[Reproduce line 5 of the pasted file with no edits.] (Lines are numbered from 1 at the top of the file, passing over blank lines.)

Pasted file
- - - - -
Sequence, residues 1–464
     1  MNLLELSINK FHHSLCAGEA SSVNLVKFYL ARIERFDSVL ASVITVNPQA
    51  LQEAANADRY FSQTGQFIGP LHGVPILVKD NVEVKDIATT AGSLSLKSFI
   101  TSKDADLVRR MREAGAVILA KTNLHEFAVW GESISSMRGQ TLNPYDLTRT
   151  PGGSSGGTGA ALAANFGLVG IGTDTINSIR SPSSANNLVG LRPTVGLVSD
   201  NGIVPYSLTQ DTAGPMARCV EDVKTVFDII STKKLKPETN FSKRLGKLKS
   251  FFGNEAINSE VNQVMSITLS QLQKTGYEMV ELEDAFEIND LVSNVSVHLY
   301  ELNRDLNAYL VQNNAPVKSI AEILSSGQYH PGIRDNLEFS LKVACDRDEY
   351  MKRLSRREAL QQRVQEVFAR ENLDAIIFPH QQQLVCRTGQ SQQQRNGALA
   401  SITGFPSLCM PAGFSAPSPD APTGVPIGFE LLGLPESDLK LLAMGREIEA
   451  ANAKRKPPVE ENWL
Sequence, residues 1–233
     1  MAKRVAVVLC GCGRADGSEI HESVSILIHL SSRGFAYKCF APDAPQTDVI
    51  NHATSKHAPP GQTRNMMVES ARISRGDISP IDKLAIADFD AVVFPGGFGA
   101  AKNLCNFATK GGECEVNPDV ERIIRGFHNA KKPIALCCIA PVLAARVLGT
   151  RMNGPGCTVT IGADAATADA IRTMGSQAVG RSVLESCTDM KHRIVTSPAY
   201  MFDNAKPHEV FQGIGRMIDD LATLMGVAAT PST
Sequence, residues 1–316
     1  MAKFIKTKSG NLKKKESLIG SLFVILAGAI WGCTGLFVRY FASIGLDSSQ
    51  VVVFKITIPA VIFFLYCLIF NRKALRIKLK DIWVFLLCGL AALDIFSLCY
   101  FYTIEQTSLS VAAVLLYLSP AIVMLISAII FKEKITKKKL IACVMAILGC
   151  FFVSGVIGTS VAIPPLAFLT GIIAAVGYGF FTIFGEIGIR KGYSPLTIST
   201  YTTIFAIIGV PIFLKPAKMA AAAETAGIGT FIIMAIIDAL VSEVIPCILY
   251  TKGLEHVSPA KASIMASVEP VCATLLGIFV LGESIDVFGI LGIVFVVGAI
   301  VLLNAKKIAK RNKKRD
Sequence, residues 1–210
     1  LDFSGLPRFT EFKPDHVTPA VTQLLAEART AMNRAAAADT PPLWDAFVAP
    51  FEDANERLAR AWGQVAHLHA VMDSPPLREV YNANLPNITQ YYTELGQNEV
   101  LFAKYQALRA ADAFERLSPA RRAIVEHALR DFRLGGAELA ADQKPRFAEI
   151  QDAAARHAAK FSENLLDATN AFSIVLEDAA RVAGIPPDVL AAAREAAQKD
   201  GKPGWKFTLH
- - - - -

   151  PGGSSGGTGA ALAANFGLVG IGTDTINSIR SPSSANNLVG LRPTVGLVSD